Way back in 1999, an executive from Lucent Technologies named Carly Fiorina was recruited to be CEO of Hewlett-Packard (HPQ). The board of HP—that granddaddy of Silicon Valley companies—brought her in to help transform the lagging computer maker. She tried to do just that, slashing headcount, shaking up how the venerable old company worked, and embarking on a massive controversial merger with Compaq despite opposition from one of the company founder’s sons. Ultimately, Fiorina’s flashy style was seen by many as a poor match, and the merger’s results were underwhelming. She was out of a job by early 2005.In the years since, her tenure has been repeatedly held up as evidence of what can go wrong when an outsider is brought in to deliver a jolt of change. And it’s likely to get even more attention in the coming months, as Fiorina, who's now campaigning as a 2016 presidential contender, runs both on her record at the top of Corporate America—and against it.But Fiorina is just one of many examples of a company thinking its salvation rests in the hands of an outside savior. After Fiorina, HP has turned more than once to outsiders, including SAP’s Leo Apoetheker, who lasted just 11 months. Activist investor Bill Ackman tried to solve JC Penney’s retail woes by bringing in Ron Johnson, the high-profile former head of Apple’s stores, who adopted radical pricing changes that the department store's customers didn’t like. Even more recently, Juniper Networks (JNPR) recruited an outsider for its top post, only to see him last less than a year before replacing him with a longtime veteran.When will they ever learn? Despite years of failures, far too many boards and activist investors continue to desperately try to land outside superstar CEOs. Driven by preventable succession crises, they bring people in at enormous costs who are often completely ill-equipped to run the businesses they’re supposed to rescue.There are signs companies may be smartening up.  In 2014, 22 percent of incoming S&P 500 chief executives were recruited from outside the organization’s own ranks, according to the latest figures from The Conference Board. That is slightly down from the most recent peak of 27 percent, which was reached in 2012.And yet it’s still far above historical figures. In the 1970s, just 8 percent of S&P 500 CEOs weren’t groomed in-house.[Former IBM chief Sam Palmisano on why he thinks companies should groom their own CEOs.]Few topics related to CEO succession arouse as much debate as the perennial question of whether outsiders or insiders are the answer to transforming companies. Some corporate governance experts and management watchers are vehement fans of homegrown leaders. Others are agnostic, believing every situation is different. Still others staunchly believe only a fresh-eyed outsider can bring deep and fundamental change to a company. That’s particularly so when the business model is under threat or the existing regime has been so discredited that even the best insiders are tainted by association.After decades of advising CEOs and boards, it’s my belief that every outsider selection—no matter how much it's portrayed as a coup in the press or pumped up by executive recruiters—is in reality the archetype of failure.Bringing in an outsider (even an outsider who goes on to succeed) is evidence that the board, the CEO and the chief of human resources didn’t perform the first responsibility of their jobs: building a leadership pipeline that produces ready leaders at all levels of the organization.That doesn’t mean all outsiders will fail. Hardly. Searching around for a CEO may be advisable or even inevitable when a company finds itself in desperate straits. That was certainly the case when Alan Mulally was recruited from Boeing (BA) to Ford, or when Honeywell’s board brought in David Cote, who has engineered a turnaround at the former laggard.Yet despite their success, recruiting outsiders is the result of a critical failure to nurture and develop new leaders within one’s own organization. This sorry state of succession planning and leadership development has several culprits. One is due to CEOs who aren’t ready to pass the baton, and therefore don’t do enough to make it a priority. Another is that boards, CEOs and outside consultants focus too much attention on the creation of a plan that may look good on paper, but fails when put to the test. Finally, there is far too little attention paid to the succession process, and the relationships between the three major players in this drama: the CEO, the CHRO (chief human resource officer) and the board of directors. When companies get it right, it’s usually because those three have effectively collaborated on their leadership development programs, dress-rehearsing internal candidates for the job by providing them with tough assignments to manage real business lines. Plenty of evidence points in favor of insiders. According to an article in the research service Agenda, internal candidates hired last year as CEOs at S&P 500 companies saw an average share price growth of 5.2 percent in their first six months, compared to 2.5 percent for their externally hired counterparts.Other research has shown that early strategic changes made by insiders tend to fare better than changes made by outsiders, as well as that outsiders were nearly seven times more likely than insiders to be dismissed with a short tenure.Bringing in outsiders can also blow up a company’s carefully developed compensation structure, as they may require pricey signing bonuses or stock grants to make up for what they’re leaving behind elsewhere. Charlie Tharp, executive vice president of the HR Policy Association and CEO of its Center on Executive Compensation, has conducted research on the pay costs of bringing in outsiders. He told me in an interview I conducted for my book that a great deal of public consternation over excessive executive pay could have been prevented if only CEOs, CHROs and boards had been doing their jobs.“What’s really generating such great public outrage,” he said in the interview, “is the increasing popularity of high-profile external hires, which in turn is raising the cost of internal successors as well.”Reaching outside for a savior CEO may work fine sometimes, or even result in great performance every once in a while. But no one would consider either one evidence of a strong team or a good strategy. When it comes to planning for the next CEO, boards should focus less on finding a superstar from the outside—one who is often riskier, costlier and far more disruptive—and more on guiding a process that ensures it has the right bench of well-groomed veterans who’ve been cultivated from the inside.Noel Tichy is a professor at the University of Michigan’s Ross School of Business and the author of Succession: Mastering the Make-or-Break Art of Leadership Transition.Read also:IBM is struggling. But former CEO Sam Palmisano says he isn't looking back.Unilever CEO says he is 'ashamed' of his pay and has the company's 'simplest job'Like On Leadership? Follow us on Facebook (FB) and Twitter, and subscribe to our podcast on iTunes.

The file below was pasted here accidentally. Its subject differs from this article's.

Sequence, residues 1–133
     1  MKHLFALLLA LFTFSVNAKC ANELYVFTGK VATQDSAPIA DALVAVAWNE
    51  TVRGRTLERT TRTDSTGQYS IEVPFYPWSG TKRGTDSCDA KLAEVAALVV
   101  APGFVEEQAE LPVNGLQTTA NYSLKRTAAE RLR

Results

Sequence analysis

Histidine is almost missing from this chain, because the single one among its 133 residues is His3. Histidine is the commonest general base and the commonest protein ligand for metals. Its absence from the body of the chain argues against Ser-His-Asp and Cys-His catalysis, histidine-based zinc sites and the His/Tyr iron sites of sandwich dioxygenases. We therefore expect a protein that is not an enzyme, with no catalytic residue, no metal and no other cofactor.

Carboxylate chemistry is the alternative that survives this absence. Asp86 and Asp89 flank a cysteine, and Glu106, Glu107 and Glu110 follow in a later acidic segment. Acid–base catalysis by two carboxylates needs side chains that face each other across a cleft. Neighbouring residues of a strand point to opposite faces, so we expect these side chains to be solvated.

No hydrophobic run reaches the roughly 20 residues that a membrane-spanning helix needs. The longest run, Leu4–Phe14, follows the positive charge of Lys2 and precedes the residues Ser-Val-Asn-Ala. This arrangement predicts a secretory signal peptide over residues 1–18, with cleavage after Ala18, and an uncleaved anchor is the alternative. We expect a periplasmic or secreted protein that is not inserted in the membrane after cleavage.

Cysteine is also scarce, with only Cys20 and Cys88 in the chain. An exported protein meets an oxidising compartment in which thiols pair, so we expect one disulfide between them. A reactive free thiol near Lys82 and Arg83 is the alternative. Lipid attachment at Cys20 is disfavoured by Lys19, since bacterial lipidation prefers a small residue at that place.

• Show Article Details